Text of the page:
Do your tools complement or hinder your process?
Gear Acquisition Syndrome (GAS)
A tendency to buy more equipment than justified by usage and/or price.
I like to look for common traits in UX design and photography. A collector of vintage cameras myself, I’ve fallen victim to buying yet another camera when I find one. Only to find myself checking off an item on a list.
When trying to become better at what you do, it’s easy to look for better tools. “If he uses this tool, and shoots pictures that look that good, I’ve gotta have it as well!” But man, what a disappointment. My photographs weren’t getting any better. Perhaps I don’t need another camera?
The thought of replacing certain gear with better/more versatile gear, does cross my mind. Although I never seem to finally do so. I’d like to think that over time, I became too focused on the tools, rather than the problems they solve. I fell in love with the outcome, not the process. Any tool can make my product look shiny and polished. But only my ability to tap into other parts of the process, make a product better.
As a UX designer, I act all the same.
“20 UX tools that will help you rule the world!”
Yet another e-mail with a list of tools, to clutter my inbox. Sure, I will check some of them out. I download a new app, or open another browsers tab. Only to find nuances in the margins. Switching back to only a handful of tools I already used. I laugh: “we’re in the rectangle drawing business”, any tool can do that. But that’s only the tiniest part of our work.
I think to myself: “I always use Sketch and InVision. It does the job just fine.” Don’t forget ‘the job’ is never the same. Sketch and InVision (or X and Y) can not be my go-to for every single project. I happen to know how to control the outcome of my deliverables, with these tools. But I’m missing out on a couple of factors.
If we look at how we measure our success — outcome and aesthetics — it’s easy to forget one very important thing:
Having more (or different) tools won’t make you a better photographer or designer. Yes it helps you to be versatile and adaptive to the environment. But in the end it boils down to controlling your process. Control the tools you need, and be willing to switch up. Being aware of this is the way forward.
If we look at a classic (business) process components, it’s easy to see the parallels in our daily work flow:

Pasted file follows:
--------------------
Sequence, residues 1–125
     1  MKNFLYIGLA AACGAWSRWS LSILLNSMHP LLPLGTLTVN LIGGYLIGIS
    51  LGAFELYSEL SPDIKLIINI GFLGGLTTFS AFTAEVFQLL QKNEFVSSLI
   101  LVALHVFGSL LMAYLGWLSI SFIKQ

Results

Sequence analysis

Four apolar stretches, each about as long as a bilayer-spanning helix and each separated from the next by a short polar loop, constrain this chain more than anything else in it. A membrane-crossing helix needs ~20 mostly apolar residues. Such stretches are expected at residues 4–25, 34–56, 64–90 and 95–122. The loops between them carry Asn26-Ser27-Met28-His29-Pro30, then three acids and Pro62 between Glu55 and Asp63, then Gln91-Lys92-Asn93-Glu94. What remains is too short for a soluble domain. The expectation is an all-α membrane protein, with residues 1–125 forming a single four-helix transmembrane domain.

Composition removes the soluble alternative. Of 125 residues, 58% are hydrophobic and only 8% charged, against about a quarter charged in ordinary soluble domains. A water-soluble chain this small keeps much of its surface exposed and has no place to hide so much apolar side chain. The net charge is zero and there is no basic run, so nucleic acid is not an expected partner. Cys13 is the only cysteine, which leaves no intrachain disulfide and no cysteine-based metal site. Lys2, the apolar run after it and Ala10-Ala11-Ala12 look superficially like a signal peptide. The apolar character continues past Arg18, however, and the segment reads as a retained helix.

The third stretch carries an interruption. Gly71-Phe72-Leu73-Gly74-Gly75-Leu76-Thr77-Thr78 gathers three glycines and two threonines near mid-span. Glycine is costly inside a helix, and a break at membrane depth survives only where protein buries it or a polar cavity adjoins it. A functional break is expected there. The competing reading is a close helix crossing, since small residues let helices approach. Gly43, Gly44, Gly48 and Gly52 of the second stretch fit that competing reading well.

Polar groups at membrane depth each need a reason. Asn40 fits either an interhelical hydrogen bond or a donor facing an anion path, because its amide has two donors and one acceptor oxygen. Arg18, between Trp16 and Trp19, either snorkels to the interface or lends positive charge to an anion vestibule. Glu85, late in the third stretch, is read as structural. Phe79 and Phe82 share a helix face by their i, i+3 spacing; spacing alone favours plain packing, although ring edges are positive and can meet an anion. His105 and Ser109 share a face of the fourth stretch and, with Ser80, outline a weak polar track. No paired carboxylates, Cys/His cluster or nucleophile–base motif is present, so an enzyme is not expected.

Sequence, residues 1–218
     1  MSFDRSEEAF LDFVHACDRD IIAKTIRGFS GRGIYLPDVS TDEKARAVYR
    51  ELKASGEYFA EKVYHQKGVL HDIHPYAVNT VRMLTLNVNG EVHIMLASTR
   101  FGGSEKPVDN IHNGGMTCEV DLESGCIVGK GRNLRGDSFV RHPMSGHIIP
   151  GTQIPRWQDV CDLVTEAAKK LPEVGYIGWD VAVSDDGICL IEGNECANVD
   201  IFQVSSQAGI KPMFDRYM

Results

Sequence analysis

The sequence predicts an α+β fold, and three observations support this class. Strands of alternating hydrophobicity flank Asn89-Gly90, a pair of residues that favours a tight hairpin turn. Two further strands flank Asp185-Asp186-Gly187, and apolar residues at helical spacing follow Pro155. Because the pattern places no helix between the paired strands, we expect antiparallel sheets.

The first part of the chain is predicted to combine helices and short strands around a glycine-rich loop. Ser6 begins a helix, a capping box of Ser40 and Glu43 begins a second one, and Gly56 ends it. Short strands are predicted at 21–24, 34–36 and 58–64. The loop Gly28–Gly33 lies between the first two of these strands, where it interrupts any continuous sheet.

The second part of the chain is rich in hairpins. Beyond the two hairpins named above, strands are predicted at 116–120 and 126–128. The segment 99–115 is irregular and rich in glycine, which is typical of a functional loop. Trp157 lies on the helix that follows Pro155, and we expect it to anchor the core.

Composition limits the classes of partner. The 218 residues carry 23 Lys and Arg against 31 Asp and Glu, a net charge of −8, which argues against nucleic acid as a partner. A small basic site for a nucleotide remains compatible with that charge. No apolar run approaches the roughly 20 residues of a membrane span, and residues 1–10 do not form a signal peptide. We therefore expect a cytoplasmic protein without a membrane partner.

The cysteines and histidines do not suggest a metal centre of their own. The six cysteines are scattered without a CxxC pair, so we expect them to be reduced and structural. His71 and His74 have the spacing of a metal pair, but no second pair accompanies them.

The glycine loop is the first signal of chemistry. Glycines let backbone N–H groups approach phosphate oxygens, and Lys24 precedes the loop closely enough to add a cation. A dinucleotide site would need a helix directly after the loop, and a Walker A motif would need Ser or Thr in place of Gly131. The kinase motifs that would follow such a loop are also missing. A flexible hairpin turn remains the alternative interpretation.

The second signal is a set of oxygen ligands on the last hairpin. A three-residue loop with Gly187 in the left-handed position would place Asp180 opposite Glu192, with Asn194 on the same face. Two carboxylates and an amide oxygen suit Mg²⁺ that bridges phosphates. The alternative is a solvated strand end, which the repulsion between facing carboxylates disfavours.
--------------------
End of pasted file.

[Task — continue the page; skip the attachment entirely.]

Client presentations, kitchen reviews, team standups.
Our day-to-day work.
Decisions from various stakeholders.
The feedback we get.
The files. Yes, we do love our .sketch and .PSD files.
There you go, the result of our love and labour!
All the way down here. The people! The colleagues, clients and -oh yeah- end-users.
As you can see the materials we work on (and the tools we use to make them) are only one variable in this sum.
Do your tools complement your process?
I zoomed in om my tools. After that I came up with a list of things I ask myself before I start a project.
Will this tool…
…help me to present my work during client meetings?
…help me to present my work to colleagues?
…get this task done the easiest way?
…help my team to do this task?
…help me to review decisions from various stakeholders?
…help stakeholders to provide feedback?
…help me gather feedback?
…be accessible in 1 year from now?
…be accessible to everyone in the team?
…help me present the outcome?
…help me make a realistic presentation of the outcome?
…help to connect the right people?
…be accessible to every stakeholder?
When reevaluating every tool you have, it’s flaws and strengths will become clear. There is not yet one tool to rule them all. The ability to evaluate which ones are fit a specific job, will make your design work a lot easier and flexible. Let the tools do the work for you.
Is your tool facilitating your process?
Don’t get me wrong, I am a big fan of tools myself. I do want the tools to help everyone in the team to do their work. And I do agree on the following:
We shape our tools and, thereafter, our tools shape us.John Culkin
We choose our own constraints. And we choose to either stick with them, or not. I started out wire-framing in Photoshop. Not using that anymore. Switched to InDesign. Not using that anymore. Used Evernote to document my projects. Not doing that anymore. Firing up Sketch every single time. Not doing that anymore.
Syncing designs to Miro from Sketch to gather client feedback? Yes sir. But next month? Perhaps not anymore.
Go ditch your tools!
Be willing to ditch a tool. Tools have limited options. It’s about facilitating you and your team in making something awesome. It’s a great idea to turn off the GAS every now and then.
Every proces needs different tools.
You shouldn’t be afraid to let go of some tools. Replace them with new ones! Be on the lookout for ways to do less and think more.
Align the tools up to the variables, not the other way around.
And if you like a certain tool, stick with it. As long as it meet your clients’ and teams’ expectations of your work. ’Cause that’s all that matters in the end.